• Cleaning is being done with dish soap and bleach.  Shelter needs to check with the vet for which disinfectants are appropriate for disease control.
  • Re-inspection to be conducted in 2 weeks.

August 12 (Follow up inspection to make sure items noted from last visit have been addressed):

  • Materials to fix some of the issues are on site but the work hasn’t been done.
  • 5 dogs had no resting platforms
  • Cat overcrowding issue unchanged
  • Chewed food/water receptacles still not replaced
  • Kill room has evidence of rodents
  • Open bag of pet food
  • Cleaning not complete by 3pm
  • Dogs were too hot.
  • Sick kittens had been at the shelter for 2 weeks without vet care.  Sick puppies had been at the shelter for more than 1 week without vet care.  A dog with multiple bite wounds has not been seen by the vet.
  • The shelter’s power goes out for extended periods of time.  Shelter needs to be checked on by staff more frequently on weekends.
  • Re-inspect in 30 days.

To my mind, the shelter failed these inspections due to far more than being “over capacity”.  I’m not sure how anyone could characterize these failures in that way.  The conditions described are inhumane and lacking the basics of appropriate shelter pet care and prevention of  disease.  Perhaps RCAS is “over capacity” for neglect, but that’s not one of the categories on the inspection form.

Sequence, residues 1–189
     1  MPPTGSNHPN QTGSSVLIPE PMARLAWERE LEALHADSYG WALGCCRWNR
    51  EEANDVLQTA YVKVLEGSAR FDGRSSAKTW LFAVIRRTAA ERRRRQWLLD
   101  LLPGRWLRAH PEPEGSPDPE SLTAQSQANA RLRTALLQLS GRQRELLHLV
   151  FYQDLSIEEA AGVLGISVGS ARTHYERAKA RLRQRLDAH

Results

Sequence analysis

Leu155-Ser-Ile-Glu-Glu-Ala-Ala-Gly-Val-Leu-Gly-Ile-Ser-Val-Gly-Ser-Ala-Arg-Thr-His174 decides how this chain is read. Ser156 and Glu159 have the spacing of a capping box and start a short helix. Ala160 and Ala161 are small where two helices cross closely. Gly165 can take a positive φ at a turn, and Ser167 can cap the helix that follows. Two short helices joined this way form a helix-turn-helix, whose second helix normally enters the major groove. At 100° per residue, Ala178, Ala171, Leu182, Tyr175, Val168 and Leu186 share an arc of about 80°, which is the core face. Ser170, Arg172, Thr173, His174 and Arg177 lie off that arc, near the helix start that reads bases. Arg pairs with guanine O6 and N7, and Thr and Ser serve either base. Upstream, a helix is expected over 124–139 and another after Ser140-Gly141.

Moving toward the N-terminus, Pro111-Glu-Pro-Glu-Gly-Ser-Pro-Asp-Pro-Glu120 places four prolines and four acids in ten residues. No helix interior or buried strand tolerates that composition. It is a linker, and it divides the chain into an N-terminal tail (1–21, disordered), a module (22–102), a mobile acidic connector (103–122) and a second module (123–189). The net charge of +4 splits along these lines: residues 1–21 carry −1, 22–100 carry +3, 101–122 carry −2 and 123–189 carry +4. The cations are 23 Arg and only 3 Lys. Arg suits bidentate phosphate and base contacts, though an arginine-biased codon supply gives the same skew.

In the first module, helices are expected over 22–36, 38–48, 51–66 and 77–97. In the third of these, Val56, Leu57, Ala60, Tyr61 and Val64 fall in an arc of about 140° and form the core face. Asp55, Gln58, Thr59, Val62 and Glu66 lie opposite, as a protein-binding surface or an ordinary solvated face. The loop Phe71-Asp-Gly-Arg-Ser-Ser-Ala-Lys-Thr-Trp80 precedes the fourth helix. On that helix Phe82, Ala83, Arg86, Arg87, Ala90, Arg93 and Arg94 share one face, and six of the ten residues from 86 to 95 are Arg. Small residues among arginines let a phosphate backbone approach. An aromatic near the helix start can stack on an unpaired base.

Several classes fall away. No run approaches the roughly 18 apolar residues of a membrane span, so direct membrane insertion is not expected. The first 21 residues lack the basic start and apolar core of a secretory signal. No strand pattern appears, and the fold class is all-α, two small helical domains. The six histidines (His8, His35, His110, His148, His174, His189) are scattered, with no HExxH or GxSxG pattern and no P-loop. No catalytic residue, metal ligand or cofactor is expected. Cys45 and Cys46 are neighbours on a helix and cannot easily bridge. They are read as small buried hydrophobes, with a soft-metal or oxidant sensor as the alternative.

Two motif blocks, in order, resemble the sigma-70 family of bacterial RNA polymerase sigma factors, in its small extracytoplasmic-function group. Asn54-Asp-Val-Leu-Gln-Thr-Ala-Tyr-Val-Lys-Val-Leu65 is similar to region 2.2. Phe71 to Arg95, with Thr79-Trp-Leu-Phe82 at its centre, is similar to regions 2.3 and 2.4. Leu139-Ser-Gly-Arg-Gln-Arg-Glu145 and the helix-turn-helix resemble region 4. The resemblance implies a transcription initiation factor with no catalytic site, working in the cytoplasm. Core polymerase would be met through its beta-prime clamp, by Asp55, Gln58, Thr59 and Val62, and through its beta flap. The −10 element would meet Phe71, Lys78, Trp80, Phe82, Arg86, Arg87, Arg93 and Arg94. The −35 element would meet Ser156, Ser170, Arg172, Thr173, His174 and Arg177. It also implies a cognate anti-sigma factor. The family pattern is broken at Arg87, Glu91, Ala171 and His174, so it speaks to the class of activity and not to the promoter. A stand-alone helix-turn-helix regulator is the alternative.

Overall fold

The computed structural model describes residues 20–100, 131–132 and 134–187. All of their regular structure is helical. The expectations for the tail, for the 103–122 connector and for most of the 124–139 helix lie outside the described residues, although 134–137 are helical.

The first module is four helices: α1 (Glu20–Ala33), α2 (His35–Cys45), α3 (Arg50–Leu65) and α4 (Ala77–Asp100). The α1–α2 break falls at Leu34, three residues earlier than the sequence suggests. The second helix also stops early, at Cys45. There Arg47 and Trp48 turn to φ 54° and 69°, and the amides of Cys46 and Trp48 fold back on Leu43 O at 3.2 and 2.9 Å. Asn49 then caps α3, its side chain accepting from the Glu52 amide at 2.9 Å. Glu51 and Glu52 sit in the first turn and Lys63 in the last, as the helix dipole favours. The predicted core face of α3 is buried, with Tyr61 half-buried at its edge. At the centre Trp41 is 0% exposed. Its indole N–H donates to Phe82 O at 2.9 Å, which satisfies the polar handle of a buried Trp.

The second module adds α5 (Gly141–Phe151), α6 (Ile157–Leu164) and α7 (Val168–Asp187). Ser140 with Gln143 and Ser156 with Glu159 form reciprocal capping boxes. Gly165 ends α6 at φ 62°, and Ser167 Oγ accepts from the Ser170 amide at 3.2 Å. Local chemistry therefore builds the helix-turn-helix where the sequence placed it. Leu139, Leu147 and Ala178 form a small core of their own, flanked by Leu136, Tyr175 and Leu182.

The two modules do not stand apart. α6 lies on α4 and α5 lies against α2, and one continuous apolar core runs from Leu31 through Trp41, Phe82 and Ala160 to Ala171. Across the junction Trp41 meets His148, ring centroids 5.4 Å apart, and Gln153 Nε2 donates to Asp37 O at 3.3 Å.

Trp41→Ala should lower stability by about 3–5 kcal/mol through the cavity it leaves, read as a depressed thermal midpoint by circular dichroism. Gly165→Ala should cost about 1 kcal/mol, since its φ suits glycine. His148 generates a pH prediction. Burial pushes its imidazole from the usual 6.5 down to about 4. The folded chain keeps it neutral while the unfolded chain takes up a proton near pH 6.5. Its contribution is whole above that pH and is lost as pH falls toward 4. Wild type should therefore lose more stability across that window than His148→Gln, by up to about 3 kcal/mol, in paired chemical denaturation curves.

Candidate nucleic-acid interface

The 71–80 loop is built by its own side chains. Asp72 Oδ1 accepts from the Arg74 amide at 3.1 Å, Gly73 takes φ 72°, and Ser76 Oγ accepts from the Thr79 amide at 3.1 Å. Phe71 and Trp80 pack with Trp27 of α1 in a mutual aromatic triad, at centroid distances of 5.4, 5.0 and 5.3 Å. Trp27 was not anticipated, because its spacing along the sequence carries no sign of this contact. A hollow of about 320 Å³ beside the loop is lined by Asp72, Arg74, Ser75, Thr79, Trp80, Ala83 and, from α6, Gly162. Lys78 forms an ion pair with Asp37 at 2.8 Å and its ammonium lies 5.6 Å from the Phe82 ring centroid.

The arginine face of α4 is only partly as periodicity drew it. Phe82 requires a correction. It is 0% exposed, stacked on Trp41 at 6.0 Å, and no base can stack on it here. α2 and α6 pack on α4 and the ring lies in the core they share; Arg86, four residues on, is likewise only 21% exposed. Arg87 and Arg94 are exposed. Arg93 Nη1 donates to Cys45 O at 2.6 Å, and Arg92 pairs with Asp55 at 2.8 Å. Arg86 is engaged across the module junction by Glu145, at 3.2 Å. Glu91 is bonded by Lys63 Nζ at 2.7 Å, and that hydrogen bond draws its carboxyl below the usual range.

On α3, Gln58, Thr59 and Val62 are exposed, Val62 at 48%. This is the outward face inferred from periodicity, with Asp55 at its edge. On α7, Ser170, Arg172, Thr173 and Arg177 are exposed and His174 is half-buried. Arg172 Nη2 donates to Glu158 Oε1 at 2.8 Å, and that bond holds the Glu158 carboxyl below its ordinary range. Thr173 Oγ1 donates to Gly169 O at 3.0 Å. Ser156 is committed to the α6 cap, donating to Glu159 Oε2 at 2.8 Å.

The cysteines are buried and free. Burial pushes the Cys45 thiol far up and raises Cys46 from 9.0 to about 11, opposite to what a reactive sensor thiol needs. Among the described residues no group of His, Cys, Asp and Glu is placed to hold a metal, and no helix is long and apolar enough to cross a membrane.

The Facebook note also refers to the recent killing of all dogs under one year of age at the shelter due to 2 puppies testing positive for parvo:

This is merely disease control…

Uh, no.  Make that – NO WAY.  Disease control is checking with the vet, like you were told, and finding out what cleaners to use to control disease at the shelter.  Disease control is getting your quarantine areas and the rest of your shelter cleaned every day in a timely manner.  Disease control is getting vet care and treatment for sick shelter pets.  What you did is not “merely disease control”.  It’s unnecessary killing in lieu of doing your job.

We will never get the problem here at the shelter rectified because people in our community fail to spay and neuter and also fail to vaccinate. Vaccination is a good prevention for this disease, but unfortuneatly these animals have not been vaccinated due to them being unwanted and dumped here.

Oh good.  Let’s blame the public.  Always a good fallback position for a shelter director trying to shirk responsibility.  By the way, is RCAS leading by example and getting a vet to examine all pets upon intake and vaccinating those deemed healthy enough to be vaccinated?

I have all been told “an ounce of prevention is worth a pound of cure.” and this is so true.

I agree.  If only you’d done your job and followed the specific directions given to you at your failed inspection from July 29, that would have been worth at least an ounce of prevention.  But instead of using standard, established shelter protocols to control the spread of disease and instead of addressing the issues from your failed inspections, you chose to needlessly kill pets and then blame the public.

If this note was in fact written by the RCAS shelter director, I am appalled.  If not, the facts remain that RCAS is not working to prevent the spread of disease at the shelter but instead killing pets arbitrarily as a means of disease control.  That too, is appalling.